ENTERTAINMENT
November 13, 2008
Ballast : (Strand Releasi ng) A single mom on the Mississippi Delta copes with a man from her past while struggling to raise her son. With Tarra Riggs and JimMyron Ross. Let the Right One In : (Magnolia Pictures) A bullied 12-year-old boy finds love and revenge through a beautiful but odd girl who turns out to be a vampire. With Kare Hedebrant and Lina Leandersson. In Swedish with English subtitles. My Name is Bruce : (Image Entertainment) Actor Bruce Campbell is mistaken for his character Ash from the Evil Dead trilogy and forced to fight a real monster in a small town in Oregon.
NEWS
By Tom Pelton and Tom Pelton,Sun reporter | July 22, 2008
Scientists at a new research center in Maryland will test strategies to kill invasive species and prevent them from hurting the Chesapeake Bay, according to an announcement scheduled for today. More than 150 exotic species are now thriving in the bay, often hitchhiking here in the ballast water of ships from Asia and Europe. A few of the most aggressive, like the oyster-killing parasite MSX, have overwhelmed native creatures. The new Maritime Environmental Resource Center at the University of Maryland Center for Environmental Science will be based in Solomons in Southern Maryland and receive about $5 million over five years from the state and federal governments.
NEWS
By Rona Kobell and Rona Kobell,Sun reporter | March 8, 2007
A 712-foot ship loaded with coal that ran aground in the Chesapeake Bay was freed yesterday morning, a week after it became stuck off the coast of Tilghman Island. Workers tried for nearly three days to unload a portion of the 74,000 tons of coal aboard the carrier before finishing the job late Tuesday night. It took another eight hours to remove the ship's ballast water. Once its load was lightened, four tugboats wrested the MV Montrose off the shoal. The ship, which was bound for Romania, is now anchored at Solomons Island, where the Coast Guard is inspecting it. Divers will also examine the ship's bottom to make sure it isn't damaged, Coast Guard Petty Officer Christopher Evanson said.
NEWS
By Michael Hawthorne and Michael Hawthorne,CHICAGO TRIBUNE | July 8, 2005
CHICAGO - The Bush administration laid out an ambitious plan yesterday to clean up and protect the Great Lakes, but even some of the president's allies consider the $20 billion price tag to be unrealistic. Led by the U.S. Environmental Protection Agency, a group of local, state, tribal and federal officials called for more aggressive efforts to clean up contaminated ports, fix aging sewer systems, block invasive species and improve the shoreline. The group, organized by an executive order President Bush signed in May 2004, urged Congress and the states to make the world's largest freshwater system a greater priority.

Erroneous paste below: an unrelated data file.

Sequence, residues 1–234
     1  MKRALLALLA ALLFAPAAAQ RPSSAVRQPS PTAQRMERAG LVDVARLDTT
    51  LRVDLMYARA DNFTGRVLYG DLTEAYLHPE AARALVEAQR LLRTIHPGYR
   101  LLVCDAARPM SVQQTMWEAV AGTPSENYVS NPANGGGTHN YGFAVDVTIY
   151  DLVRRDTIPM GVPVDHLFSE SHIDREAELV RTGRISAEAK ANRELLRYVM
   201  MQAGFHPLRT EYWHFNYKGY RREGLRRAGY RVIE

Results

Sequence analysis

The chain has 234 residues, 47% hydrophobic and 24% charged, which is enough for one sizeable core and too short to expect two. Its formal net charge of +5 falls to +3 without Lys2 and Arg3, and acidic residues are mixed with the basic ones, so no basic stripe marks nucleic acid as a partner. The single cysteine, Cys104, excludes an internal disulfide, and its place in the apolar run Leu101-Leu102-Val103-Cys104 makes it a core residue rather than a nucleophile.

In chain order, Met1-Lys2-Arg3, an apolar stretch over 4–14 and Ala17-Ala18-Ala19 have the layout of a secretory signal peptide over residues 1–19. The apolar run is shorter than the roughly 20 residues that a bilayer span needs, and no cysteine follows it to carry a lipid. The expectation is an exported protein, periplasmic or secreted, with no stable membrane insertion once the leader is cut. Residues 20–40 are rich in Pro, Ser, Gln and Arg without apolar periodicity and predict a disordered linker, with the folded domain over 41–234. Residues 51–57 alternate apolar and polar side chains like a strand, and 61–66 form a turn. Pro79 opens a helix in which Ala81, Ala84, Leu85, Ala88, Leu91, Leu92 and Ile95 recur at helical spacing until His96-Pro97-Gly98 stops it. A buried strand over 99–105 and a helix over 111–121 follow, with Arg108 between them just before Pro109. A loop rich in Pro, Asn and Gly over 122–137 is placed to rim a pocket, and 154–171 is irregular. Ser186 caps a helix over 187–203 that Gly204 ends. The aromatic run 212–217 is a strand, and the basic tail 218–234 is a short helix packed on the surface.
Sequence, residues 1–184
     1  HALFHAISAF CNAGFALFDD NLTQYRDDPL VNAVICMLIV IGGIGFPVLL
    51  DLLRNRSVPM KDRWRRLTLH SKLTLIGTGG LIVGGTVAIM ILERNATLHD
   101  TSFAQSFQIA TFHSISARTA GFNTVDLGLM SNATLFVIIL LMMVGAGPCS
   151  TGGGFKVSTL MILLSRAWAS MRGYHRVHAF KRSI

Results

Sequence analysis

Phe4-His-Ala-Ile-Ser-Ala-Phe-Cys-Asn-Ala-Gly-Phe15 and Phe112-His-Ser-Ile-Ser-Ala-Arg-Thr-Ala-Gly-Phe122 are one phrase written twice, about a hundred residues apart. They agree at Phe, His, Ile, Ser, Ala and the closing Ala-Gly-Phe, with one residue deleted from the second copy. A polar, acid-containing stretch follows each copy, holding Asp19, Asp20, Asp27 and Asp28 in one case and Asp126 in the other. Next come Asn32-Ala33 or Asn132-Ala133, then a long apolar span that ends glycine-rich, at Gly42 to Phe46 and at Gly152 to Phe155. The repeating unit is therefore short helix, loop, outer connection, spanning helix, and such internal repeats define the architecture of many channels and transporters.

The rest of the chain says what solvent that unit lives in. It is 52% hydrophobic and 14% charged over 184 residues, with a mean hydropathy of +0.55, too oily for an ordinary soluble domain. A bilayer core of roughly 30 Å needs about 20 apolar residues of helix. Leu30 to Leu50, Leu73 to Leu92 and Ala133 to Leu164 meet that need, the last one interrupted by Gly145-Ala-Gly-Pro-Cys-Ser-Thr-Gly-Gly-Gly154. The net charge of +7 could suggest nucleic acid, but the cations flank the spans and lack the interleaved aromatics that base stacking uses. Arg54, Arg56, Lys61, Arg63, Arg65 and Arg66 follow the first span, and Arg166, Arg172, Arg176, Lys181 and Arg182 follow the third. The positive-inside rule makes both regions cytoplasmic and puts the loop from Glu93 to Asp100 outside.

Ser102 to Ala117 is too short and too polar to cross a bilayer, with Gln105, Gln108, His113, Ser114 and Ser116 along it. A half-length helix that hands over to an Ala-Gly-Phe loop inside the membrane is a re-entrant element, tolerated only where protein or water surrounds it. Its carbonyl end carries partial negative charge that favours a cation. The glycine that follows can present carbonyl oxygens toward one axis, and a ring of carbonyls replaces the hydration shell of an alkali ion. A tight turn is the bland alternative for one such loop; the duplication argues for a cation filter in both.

NEWS
By NEW YORK TIMES NEWS SERVICE | April 3, 2005
SAN FRANCISCO - A judge has ordered repeal of a federal regulation that has allowed ships to discharge ballast water freely into U.S. harbors and coastal waters. U.S. District Judge Susan Illston said last week that the 1972 Clean Water Act prohibits the practice. Government and other reports have identified ballast water as the main source for the spread of invasive foreign species - more than 500 of them - that have been ruining U.S. wetlands and driving out native marine plant and animal life.
NEWS
By MINNEAPOLIS STAR TRIBUNE | January 23, 2005
MINNEAPOLIS - The U.S. Coast Guard says it must find new ways to keep foreign species out of the Great Lakes, conceding that its regulation of transoceanic ships since 1993 hasn't done the job. In a little-noticed announcement in the Federal Register this month, the Coast Guard confirmed what scientists have been documenting for years: Invasive species can be carried into the Great Lakes in the residual water and mud at the bottom of ships' ballast water...
NEWS
November 16, 1996
THE UNITED STATES has declared war on alien invaders -- the potentially dangerous infiltrators of American waters that secretly travel in ballast water tanks of giant ocean-going ships.That's especially good news for the Chesapeake Bay, where more than 3 billion gallons of foreign water are dumped by cargo vessels each year. Hidden in that ballast water (taken on by ships for stabilization) are thousands of exotic, alien organisms that pose dramatic threats to the ecology of the estuary.The new National Invasive Species Act calls for ships to discharge their ballast tanks 200 miles from coastal waters, monitoring of the voluntary effort and funding of research to develop anti-invader techniques.
FEATURES
By Michael Sragow and Michael Sragow,SUN MOVIE CRITIC | November 24, 2004
SUN SCORE : * Alexander the Great still conquers the known world of antiquity in Oliver Stone's Alexander, but, dramatically, absolutely nothing seems to happen. This nearly-three-hour feature plays like the most extravagant educational filmstrip ever made. The imagery merely illustrates the running - make that stumbling - commentary of the narrator, Alexander's one-time supporter Ptolemy (Anthony Hopkins), who relates the Greek king's story 40 years after the monarch's death. Alexander (Colin Farrell)
NEWS
By Kathy Bergen Smith and Kathy Bergen Smith,SPECIAL TO THE SUN | January 26, 2003
Tim Mullady peers into a microscope in a darkened room at the Smithsonian Environmental Research Center in Edgewater. He is counting cells from a sample of ballast water taken from a ship, looking for vibrio cholerae, the bacterium that causes human cholera - and sometimes is discharged from that ballast into local waters along with scores of other "foreign" organisms. Mullady is part of the National Marine Invasion Research Program, which provides the Coast Guard and Congress with information from the forefront of the research community on this issue.